Sexism is rampant in the music industry. This week, it was exposed by Dirty Projector’s front woman, Amber Coffman, via Twitter, when she accused Life or Death PR’s CEO Heathcliff Berru of sexual harassment. Following her lead, other women spoke up about being victimized by Berru, including Best Coast’s Bethany Consentino, Danger Village PR music publicist Beth Martinez, musician Roxy Lange and Yasmine Kittles, from the band Tearist. All the reports told of Berru’s heinous sexual violence towards women, and how all these women were previously afraid to speak out because of the “boy’s club” mentality in the music industry that shields offenders and shames women.
In an inspirational turn, the Twitter campaign against Berru, a high profile music industry figure whose “problematic” (read: criminal) behavior has been widely known throughout the industry but until now, largely ignored, has had some unexpectedly positive consequences. Not only has the bravery of Coffman and the other women who spoke out created an important dialogue about music industry sexism, it's prompted people to take action. So far, the band Wavves left Life or Death, along with DIIV, Kelela, Speedy Ortiz, Beach Fossils, Mixpak and D’Angelo. Not that there’s much left at Life or Death anyway—Nick Dierl, President of Life or Death, announced a mass exodus as he and the rest of the staff at LoD jumped ship. Meanwhile, hip hop icon and political activist (who has unsurprisingly been vocally supporting Bernie Sanders' campaign), Killer Mike has strongly advocated against music industry sexism this week.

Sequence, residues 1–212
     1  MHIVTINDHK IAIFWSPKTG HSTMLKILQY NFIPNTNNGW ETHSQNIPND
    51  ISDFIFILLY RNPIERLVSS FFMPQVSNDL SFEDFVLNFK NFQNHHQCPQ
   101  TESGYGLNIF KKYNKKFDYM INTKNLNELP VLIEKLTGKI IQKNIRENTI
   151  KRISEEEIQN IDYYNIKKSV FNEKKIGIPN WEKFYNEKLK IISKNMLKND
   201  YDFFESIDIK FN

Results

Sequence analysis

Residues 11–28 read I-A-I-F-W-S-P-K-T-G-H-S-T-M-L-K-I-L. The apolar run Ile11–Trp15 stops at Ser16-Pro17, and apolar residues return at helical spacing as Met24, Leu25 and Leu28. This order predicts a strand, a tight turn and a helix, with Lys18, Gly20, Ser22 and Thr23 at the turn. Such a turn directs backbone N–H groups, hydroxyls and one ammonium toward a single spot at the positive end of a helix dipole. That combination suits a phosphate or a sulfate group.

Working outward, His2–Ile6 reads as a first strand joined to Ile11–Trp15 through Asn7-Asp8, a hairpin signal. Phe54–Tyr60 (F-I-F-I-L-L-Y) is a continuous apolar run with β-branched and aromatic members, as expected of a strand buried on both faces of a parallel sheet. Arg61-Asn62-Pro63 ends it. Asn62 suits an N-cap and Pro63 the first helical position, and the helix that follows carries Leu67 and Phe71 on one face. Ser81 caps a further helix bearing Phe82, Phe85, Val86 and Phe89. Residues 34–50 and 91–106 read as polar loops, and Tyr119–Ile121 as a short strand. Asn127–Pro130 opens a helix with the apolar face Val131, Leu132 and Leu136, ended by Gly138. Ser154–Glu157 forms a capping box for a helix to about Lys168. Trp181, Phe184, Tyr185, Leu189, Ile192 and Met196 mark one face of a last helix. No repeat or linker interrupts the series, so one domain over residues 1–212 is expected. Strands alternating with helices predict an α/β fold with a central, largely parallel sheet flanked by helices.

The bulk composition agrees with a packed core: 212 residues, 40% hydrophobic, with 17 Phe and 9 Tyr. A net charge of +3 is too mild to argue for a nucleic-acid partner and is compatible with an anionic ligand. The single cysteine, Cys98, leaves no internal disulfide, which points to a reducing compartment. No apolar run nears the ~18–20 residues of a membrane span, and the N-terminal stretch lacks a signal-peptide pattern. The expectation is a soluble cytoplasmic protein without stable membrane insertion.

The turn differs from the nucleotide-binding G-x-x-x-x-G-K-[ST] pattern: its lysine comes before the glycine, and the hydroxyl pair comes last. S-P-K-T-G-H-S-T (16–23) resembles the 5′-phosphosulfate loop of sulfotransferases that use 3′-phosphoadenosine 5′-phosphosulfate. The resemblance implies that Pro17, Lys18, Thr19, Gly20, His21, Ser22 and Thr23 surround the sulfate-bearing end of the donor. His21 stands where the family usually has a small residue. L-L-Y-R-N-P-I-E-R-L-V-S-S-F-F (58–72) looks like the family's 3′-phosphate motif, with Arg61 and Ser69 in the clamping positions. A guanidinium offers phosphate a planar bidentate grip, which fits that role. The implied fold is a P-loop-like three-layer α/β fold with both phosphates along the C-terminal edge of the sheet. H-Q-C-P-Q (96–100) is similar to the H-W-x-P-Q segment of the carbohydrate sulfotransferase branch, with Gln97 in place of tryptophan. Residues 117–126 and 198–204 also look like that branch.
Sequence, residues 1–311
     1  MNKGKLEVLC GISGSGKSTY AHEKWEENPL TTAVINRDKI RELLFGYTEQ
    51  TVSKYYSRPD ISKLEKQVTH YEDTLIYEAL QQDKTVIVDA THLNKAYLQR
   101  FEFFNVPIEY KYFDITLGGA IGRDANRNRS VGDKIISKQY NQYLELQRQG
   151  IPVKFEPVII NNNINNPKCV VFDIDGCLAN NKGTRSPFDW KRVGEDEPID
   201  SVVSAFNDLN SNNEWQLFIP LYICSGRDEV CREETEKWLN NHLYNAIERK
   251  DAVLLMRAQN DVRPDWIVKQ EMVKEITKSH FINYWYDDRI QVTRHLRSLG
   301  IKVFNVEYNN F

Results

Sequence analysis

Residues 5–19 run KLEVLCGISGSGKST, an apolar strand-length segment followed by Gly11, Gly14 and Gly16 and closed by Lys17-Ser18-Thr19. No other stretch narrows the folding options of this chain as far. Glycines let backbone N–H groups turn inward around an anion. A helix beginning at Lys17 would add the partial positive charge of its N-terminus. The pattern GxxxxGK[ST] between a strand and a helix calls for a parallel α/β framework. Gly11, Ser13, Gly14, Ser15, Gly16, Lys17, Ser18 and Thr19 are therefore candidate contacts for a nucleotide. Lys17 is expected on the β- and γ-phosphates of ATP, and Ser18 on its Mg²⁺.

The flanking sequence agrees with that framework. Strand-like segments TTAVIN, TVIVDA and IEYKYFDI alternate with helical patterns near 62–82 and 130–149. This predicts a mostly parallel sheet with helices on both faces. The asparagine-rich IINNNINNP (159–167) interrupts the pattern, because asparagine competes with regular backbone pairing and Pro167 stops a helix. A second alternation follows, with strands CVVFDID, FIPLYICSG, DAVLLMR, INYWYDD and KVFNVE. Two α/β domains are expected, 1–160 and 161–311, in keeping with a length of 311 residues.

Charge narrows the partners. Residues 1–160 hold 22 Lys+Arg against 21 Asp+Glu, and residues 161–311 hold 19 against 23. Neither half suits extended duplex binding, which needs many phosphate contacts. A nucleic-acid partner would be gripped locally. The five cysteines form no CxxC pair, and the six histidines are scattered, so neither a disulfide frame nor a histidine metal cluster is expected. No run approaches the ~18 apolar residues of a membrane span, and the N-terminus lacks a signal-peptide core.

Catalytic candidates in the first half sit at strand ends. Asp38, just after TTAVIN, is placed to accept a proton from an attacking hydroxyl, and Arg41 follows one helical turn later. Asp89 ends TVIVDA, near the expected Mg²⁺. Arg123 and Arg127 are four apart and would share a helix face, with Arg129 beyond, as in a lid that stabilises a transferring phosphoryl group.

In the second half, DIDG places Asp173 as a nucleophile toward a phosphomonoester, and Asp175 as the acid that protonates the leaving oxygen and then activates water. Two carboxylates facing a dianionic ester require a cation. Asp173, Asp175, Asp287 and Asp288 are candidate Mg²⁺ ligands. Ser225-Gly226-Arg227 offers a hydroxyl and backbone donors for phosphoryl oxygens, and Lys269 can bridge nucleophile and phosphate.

In a Facebook post, Mike wrote about how he confronted Berru about his behavior, cut off all business ties with him, and that he stands “in solidarity with the women that have spoke out." At the end of his post he calls for accountability from men witnessing their male peers, even their friends, partaking in sexism and related assault. He wrote, “Men have to be able to tell our friends and peers when they're wrong. We cannot just say, it's not my problem. We can't expect ppl to improve if we're not willing to hold them accountable and push them to be better.”
The importance and necessity of Mike standing with the maligned women of the music industry shouldn’t be overlooked here: it’s a rare thing for men in the industry to actively speak out or act against pre-established patriarchal norms. While the women in this case found their voice and were able to affect change with a steadfast and honest Twitter campaign, those changes also need to be supported at a grassroots level. With statistics suggesting that 95% of all production staff in the music industry are male, it’s difficult to think of the industry as anything other than a boy’s club. Which is why, as important as it is for women to find a voice, it’s just as important for their male counterparts to do everything in their capacity to empower and foster that voice. Ending sexism requires cooperation across the gender binary, which is why Killer Mike's assertion of male-to-male accountability hits the phallus on the head.